Scabha or The Sliding Door Operator—Sihle Ntuli  | When an Iroko Falls—Iquo Diana Abasi  | How to Survive War in Nigeria—Iquo Diana Abasi  | I Wet the Earth, I Sing You Wreaths… —Fareed Agyakwah  | Harvest IV—Funmi Aluko  | Wayfarer—Funmi Aluko  | The Wayfarer—Saudat Salawudeen  | End of Forever—Saudat Salawudeen  | Muse of Homecoming—Justus K. S. Makokha  | Encore— Agatha Agema  | Now that I know young birds die in flight—Segun Michael Olabode  | The Water-Pot is Broke—Susan Bukky Badeji  | from absence, memory and farther—Obemata  | Umbilicals—Tijah Bolton-Akpan  | The Pilgrim Unbound—Clara Ijeoma Osuji  | Eclipsed at Noon—Abdulaziz Abdulaziz  | To the Daughters— Abdulaziz Abdulaziz  | The Traveler—Abiodun Bello  | For the Wayfarer—Chifwanti Zulu  | The Acts of Brother—’Bunmi Ogungbe  | Backing His Daughter: For Pius, on Facebook—Jane Bryce  | Avoiding Sunlight—Unoma Azuah  | Akáṣọléri ́ (Mourners) —Kọ́lá Túbọ̀sún  | Last Tweets—Kọ́lá Túbọ̀sún  | Farewell, Wayfarer—Oyinkansade Fabikun  | Solitaire—Kafilat Oloyede  | How to Keep the Wake for a Shooting Star—Chuma Nwokolo  | Eagle—Uzo Odonwodo  | In Memoriam—Uzo Odonwodo  | Can You Do This Thing?—Sarah Katz-Lavigne  | Lights—John Chizoba Vincent  | The Meteorite—Omowumi Olabode Steven Ekundayo  | Black Box—Ian Keteku  | Paramour of the Pen—Abraham Tor  | Flying Coffin—James Onyebụchi Nnaji  | Looking for the Dead—James Onyebụchi Nnaji  | The Eagle Perched—Moses Ogunleye  | A Pius Flight—Kennedy Emetulu  | Kwanza for Pius—Ifesinachi Nwadike  | Dream-mare—Nidhal Chami  | A Walk in the Graveyard—Chimeziri C. Ogbedeto  | Payo—Biko Agozino  | Iku—Peter Olamakinde Olapegba  | He left—Amatoritsero Ede  | Spousal Loss—Peter Olamakinde Olapegba  | The Face of My Savior is the Ordinary Moment—Gloria Nwizu  | Denouement—Gloria Nwizu  | A Conversation between Two Young Cousins—Ethel Ngozi Okeke  | Sunday Flight—Emman Usman Shehu  | Departure—Ivor Agyeman-Duah  | The Count—Uthpala Dishani Senaratne  | Rude Shock—Olajide Salawu  | Saturday 12:56—Ludwidzi M. K. Mainza  | Daughter—Ludwidzi M. K. Mainza  | Tough Love—Nnorom Azuonye  | In the Midst of it All, I am…—Anushya Ramakrishna  | Haiku – Ai-Ku (Immortality) —Adesanya Adewale Adeshina  | He Rose—Adesanya Adewale Adeshina  | A Singing Bird—Adesanya Adewale Adeshina  | Arrivant—Akua Lezli Hope  | EarthWork Sestina—Akua Lezli Hope  | Animalia, Chordata, Mammalia, Proboscidea—Akua Lezli Hope  | Poem of Relief: When Your Sadness is Alive—Kennedy Hussein Aliu  | If I Seek—Kennedy Hussein Aliu  | When You Ask me About my Teacher—Kennedy Hussein Aliu and Leyda Jocelyn Estrada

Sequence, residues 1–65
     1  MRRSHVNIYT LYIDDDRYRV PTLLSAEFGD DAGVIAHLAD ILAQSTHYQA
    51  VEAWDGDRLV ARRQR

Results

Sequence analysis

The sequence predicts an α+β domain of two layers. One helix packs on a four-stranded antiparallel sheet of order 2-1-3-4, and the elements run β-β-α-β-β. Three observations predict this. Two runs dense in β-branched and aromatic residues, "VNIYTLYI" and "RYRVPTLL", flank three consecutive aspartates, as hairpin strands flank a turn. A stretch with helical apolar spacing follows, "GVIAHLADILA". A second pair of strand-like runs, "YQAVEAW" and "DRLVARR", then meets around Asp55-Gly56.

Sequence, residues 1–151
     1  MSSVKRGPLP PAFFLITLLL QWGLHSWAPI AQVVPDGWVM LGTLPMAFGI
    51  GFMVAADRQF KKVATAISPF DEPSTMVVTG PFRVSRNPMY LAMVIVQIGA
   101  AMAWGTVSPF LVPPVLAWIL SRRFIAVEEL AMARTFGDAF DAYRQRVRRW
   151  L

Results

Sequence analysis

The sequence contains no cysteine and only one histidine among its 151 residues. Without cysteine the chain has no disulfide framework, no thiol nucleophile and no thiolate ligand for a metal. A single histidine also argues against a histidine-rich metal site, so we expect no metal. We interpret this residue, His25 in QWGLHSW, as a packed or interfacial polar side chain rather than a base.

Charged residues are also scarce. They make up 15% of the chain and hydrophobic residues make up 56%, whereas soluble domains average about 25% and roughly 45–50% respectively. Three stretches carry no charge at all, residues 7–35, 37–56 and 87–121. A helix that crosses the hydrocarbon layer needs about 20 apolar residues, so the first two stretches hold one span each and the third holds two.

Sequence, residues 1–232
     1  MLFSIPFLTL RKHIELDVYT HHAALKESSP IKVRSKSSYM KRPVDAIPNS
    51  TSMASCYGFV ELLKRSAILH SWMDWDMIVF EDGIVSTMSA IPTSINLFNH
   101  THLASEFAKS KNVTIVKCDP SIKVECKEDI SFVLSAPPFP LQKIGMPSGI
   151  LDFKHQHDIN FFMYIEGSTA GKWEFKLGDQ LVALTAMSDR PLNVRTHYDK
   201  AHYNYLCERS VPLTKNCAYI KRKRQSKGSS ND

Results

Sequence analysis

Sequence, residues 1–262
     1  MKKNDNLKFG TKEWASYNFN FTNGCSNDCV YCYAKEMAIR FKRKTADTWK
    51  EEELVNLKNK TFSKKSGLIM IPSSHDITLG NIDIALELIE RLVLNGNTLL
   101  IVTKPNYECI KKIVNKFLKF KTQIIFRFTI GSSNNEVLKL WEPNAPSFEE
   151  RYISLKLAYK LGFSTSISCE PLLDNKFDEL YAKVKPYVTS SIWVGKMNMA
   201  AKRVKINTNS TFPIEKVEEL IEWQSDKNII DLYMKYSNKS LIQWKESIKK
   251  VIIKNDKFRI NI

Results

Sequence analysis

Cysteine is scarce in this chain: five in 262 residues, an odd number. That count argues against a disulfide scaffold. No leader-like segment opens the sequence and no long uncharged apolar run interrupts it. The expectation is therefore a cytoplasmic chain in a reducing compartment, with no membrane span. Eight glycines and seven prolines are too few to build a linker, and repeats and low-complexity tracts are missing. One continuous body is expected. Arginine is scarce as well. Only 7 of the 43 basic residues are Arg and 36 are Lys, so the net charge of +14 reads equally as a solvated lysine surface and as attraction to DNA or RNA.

Arellano  | The Eagle is not the Quills and Talons—Olumide Olaniyan  | without a farewell—Nduka Otiono  | After the Funeral—Nduka Otiono  | Fugitives from the Violence of Truth—Efe Paul-Azino  | Just but a Journey—Sam Dennis Otieno

    Part II. REQUIEMS  

    Elegy for Pius—Helon Habila  | This Exodus Has Birthed a Song—Echezonachukwu Nduka  | where to find you: a requiem—Echezonachukwu Nduka  | Blown—Richard Inya  | words melt in his mouth—Peter Midgley  | Requiem for the Fallen / Mogaka o ole—Lebogang Disele  | To Our Hero: Rest in Peace—Lebogang Disele  | What Shall We Do to Death?—Winlade Israel  | A Star Just Fell—Winlade Israel  | Requiem—Peter Akinlabi  | Requiem for Pius—Rasaq Malik Gbolahan  | Wayfarer—Rasaq Malik Gbolahan  | Twirling the Beads of Grief… —Tade Aina  | Say me Rebellion—Kingsley L. Madueke  | When this Calabash Breaks—Kingsley L. Madueke  | Requiem for the Wayfarer—Adesina Ajala  | Song of Sorrow—Soji Cole  | Planting Season—Anote Ajeluorou  | For Our Departed Bard—Maria Ajima  | Memory of Tear—Joshua Agbo  | Why? —Margaret Wairimu Waweru  | Letter to Dad—Margaret Wairimu Waweru  | Missing Voices—Ugochukwu P. Nwafor  | Tears on Canvas—Wesley Macheso  | Nausea—Wesley Macheso  | This Easter—Wesley Macheso  | When I Am Gone—Maryam Ali Ali  | Nothing Has Changed—Maryam Ali Ali  | Protest—Ejiofor Ugwu  | Our Voice is Gone—Janet James Ibukun  | Agadaga Iroko / Giant Iroko—Sunny Iyke U. Okeigwe  | This Poetry—James Tar Tsaaior  | The Passing of Pius—Uzor Maxim Uzoatu  | Light Dims to Shine Forever—Akachi Adimora-Ezeigbo  | You Bled Africa! —Mitterand Okorie  | To the Muse of Isanlu: A Salute—’BioDun J. Ogundayo  | you remain with us—Nkateko Masinga  | A Bit of Narcissism—Okwudili Nebeolisa  | Bereavement—Okwudili Nebeolisa  | Dirge for the Departed—Koye-Ladele Mofehintoluwa  | If Only—Femi Abidogun  | Falling Birds—Yusuff Abdulbasit  | Immortality—Yusuff Abdulbasit  | Harvest of Deaths—Yemi Atanda  | The Horse and the Tortoise—Yemi Atanda  | The Chorus Is Death—Ubaka Ogbogu  | Breaking Bread—Obiwu  | Still They Hunt for Emmett Till—Obiwu  | on wisdom’s wings—Jumoke Verissimo

    Part III. HOMECOMING

    The Indent (For Pius) —Uche Nduka  | when the sun sets—Adejumo Uthman Ajibola  | Aridunun Akowe—Dahunsi Ayobami  | Pius: Myth, Mystic, Mystery—Tenibegi Karounwi  | Returning the Light as Wreath—Ndubuisi Martins (Aniemeka)  | Naija is a Badly-Behaved Poem—Ndubuisi Martins (Aniemeka)  | Confessions of a Gypsy—Richard Kayode O. James  | When the Pious Die—Uchenna-Franklin Ekweremadu  | Song of the Pilgrim—Obinna Chukwudi Ibezim  | Pius, the Seed—Celina O. Aju-Ameh  | Cloud Coffin—Tola Ijalusi  | Letter to My Father—Ololade Akinlabi Ige  | I Journey Quietly Home—Martin Ijir  | Hopeful People—Ndaba Siban  | Explaining My Depression to You—Yusuf Taslemat Taiwo  | The Broken Quill—Nathanael Tanko Noah  | we do not know how to carry this pain—Edaki Timothy. O  | Stars, Out—S. Su’eddie Vershima Agema  | Converging Skies and Shadows—S. Su’eddie Vershima Agema  | Will You? —Biodun Bamgboye  | Farewell—Maryam Gatawa  | Transit to Kenya—Anthony Enyone Ohiemi  | Abiku Agba—Usman Oladipo Akanbi  | Evening Bird—Bayowa Ayomide Micheal  | Withered Green—Augustine Ogechukwu Nwulia  | Home Call…047—Onuchi Mark Onoruoiza  | Outshining the Stars—Onuchi Mark Onoruoiza  | The Eagle Has Fallen—Manasseh Gowk  | Farewell—Manasseh Gowk  | Death—Khalid Imam  | The Flood—Khalid Imam  | Blue Skies—Yejide Kilanko  | This Very Goodbye—Nseabasi S. J. King  | The Deserted Road or Elegy for Pius Adesanmi—Daniel Olaoluwa Whyte  | What My Father Said on His Death Bed—Gbenga Adesina  | Wayfarer—James Yeku  | One Meets Two—James Yeku  | First Goodbye—D.M. Aderibigbe  | Monster—Afam Akeh  | where you are now—Raphael d’Abdon  | When the Curtains Fall—Uchechukwu Umezurike